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  1. #1
    MartinMiller is offline Newbie
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    Default Which and what it refers to.

    Does which refer to the previous word or the previous sentence? Also does it refer to something else if there is a comma?

  2. #2
    freezeframe is offline Key Member
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    Default Re: Which and what it refers to.

    Quote Originally Posted by MartinMiller View Post
    Does which refer to the previous word or the previous sentence? Also does it refer to something else if there is a comma?
    Are there some particular examples? This question is vague and kind of big.

  3. #3
    MartinMiller is offline Newbie
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    Default Re: Which and what it refers to.

    Ah, sorry. An example would be:
    The statue and the doll, which traveled across a desert ...
    The statue and the doll which traveled across a desert ...
    The doll, which traveled across a desert ...
    The statue which traveled across a desert ...

    Sorry about the sentence making no sense at all.

    Are all of these correct? If so, what is the difference?

  4. #4
    Kazaman is offline Newbie
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    Default Re: Which and what it refers to.

    (I'm not a teacher.)

    They're all correct. The difference is the type of clause. The commas denote a non-restrictive clause, which describes the subject. When there is no comma, it is a restrictive clause, meaning that it defines the subject. The difference seems subtle, but it can completely change the meaning of a sentence. I'll demonstrate with an example other than those which you provided:

    (a) The man who talks is a happy man.

    (b) The man, who talks, is a happy man.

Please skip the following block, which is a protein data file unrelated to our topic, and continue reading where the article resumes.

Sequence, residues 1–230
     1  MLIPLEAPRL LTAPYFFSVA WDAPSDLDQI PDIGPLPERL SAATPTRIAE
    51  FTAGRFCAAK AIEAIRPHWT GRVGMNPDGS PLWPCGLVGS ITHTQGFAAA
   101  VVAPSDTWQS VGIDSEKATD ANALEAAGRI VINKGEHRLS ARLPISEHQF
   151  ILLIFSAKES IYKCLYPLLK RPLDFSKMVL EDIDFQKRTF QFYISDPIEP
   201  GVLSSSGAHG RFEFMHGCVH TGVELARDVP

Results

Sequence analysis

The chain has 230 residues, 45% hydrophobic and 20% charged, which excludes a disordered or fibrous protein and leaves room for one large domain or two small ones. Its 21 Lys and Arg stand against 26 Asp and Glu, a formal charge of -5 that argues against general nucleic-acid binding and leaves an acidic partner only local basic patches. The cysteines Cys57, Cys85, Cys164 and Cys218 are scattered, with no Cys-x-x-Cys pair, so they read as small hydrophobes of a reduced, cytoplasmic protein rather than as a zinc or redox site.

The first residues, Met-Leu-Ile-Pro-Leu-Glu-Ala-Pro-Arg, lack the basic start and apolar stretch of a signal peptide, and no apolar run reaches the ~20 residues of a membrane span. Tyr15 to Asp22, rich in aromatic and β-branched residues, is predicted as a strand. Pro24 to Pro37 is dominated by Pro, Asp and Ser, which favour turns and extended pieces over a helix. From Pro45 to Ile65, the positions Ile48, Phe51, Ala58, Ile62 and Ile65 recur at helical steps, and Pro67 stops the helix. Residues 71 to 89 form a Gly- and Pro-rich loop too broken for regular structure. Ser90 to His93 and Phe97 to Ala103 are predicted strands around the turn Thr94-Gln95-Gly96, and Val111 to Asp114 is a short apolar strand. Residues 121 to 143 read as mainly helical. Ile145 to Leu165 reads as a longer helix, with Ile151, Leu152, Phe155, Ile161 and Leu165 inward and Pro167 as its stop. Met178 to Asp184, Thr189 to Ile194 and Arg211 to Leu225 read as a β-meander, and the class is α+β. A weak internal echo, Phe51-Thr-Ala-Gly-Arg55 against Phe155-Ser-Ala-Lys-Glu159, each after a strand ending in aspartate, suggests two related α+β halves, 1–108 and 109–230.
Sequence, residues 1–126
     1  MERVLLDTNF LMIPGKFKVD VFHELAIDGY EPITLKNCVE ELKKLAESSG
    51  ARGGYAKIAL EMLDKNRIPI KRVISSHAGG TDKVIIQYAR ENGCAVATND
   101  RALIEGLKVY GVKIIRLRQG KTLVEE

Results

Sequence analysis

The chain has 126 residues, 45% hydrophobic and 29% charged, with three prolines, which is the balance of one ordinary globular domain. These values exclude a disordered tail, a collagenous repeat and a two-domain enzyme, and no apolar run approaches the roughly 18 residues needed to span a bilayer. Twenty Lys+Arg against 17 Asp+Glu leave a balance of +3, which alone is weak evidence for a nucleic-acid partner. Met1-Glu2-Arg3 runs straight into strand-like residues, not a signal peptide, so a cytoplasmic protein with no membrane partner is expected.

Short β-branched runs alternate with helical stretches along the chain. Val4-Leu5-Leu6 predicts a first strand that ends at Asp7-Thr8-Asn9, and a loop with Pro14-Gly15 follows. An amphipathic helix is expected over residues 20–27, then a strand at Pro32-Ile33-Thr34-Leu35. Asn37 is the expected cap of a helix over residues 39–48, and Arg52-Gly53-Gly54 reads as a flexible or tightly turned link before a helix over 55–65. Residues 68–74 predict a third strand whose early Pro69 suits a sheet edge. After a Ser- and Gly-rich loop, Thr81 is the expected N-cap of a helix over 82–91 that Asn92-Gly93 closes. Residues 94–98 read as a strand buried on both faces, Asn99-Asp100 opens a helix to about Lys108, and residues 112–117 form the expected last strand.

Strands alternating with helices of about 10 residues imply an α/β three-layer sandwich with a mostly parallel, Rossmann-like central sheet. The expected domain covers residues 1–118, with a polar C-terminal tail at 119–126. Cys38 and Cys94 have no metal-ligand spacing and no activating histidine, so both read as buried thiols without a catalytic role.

Sentence (a) means that only men who talk can be happy (defining). Sentence (b) is talking about a specific man who is happy (describing).

    Is there still some confusion, or did that clear everything up?

  5. #5
    freezeframe is offline Key Member
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    Default Re: Which and what it refers to.

    Quote Originally Posted by MartinMiller View Post
    Ah, sorry. An example would be:
    The statue and the doll, which traveled across a desert ...
    The statue and the doll which traveled across a desert ...
    The doll, which traveled across a desert ...
    The statue which traveled across a desert ...

    Sorry about the sentence making no sense at all.

    Are all of these correct? If so, what is the difference?
    1.

    Relative pronouns that begin a restrictive clause are never set off by commas. Restrictive clauses add essential information about the antecedent (without them the meaning of the sentence would be changed).

    Non-restrictive clauses are usually set off by commas.

    So, where you have a comma, the information about travel across the desert is just some extra information that is not essential to the sentence.

    2. Small note:

    When talking about people and anthropomorphised objects we use "who". In your example since the doll and the statue are doing some traveling, they seem to be anthropomorphic objects... so "who".


    3.

    Relative clauses are often misplaced. They need to be placed so it's clear what the antecedent is and so there's no ambiguity. You can read about misplaced modifiers here.

  6. #6
    MartinMiller is offline Newbie
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    Default Re: Which and what it refers to.

    Thank you! That's what I needed.

  7. #7
    BookAddict is offline Newbie
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    Default Re: Which and what it refers to.

    1 Which refers to the previous sentence
    You have brought the bigger block, which I do not like
    = I do not like your bringing the bigger block

    2 Which refers to the preceding word
    You have brought the bigger block which I do not like
    = I do not like the bigger block

    Probably a little academic but, according to Quirk, the comma does the job.

  8. #8
    freezeframe is offline Key Member
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    Default Re: Which and what it refers to.

    Quote Originally Posted by BookAddict View Post
    1 Which refers to the previous sentence
    You have brought the bigger block, which I do not like
    = I do not like your bringing the bigger block

    2 Which refers to the preceding word
    You have brought the bigger block which I do not like
    = I do not like the bigger block

    Probably a little academic but, according to Quirk, the comma does the job.
    In both examples there's ambiguity. Comma could mean non-restrictive clause modifying "block".

    To really be clear on what the clause is modifying, one would need to paraphrase.

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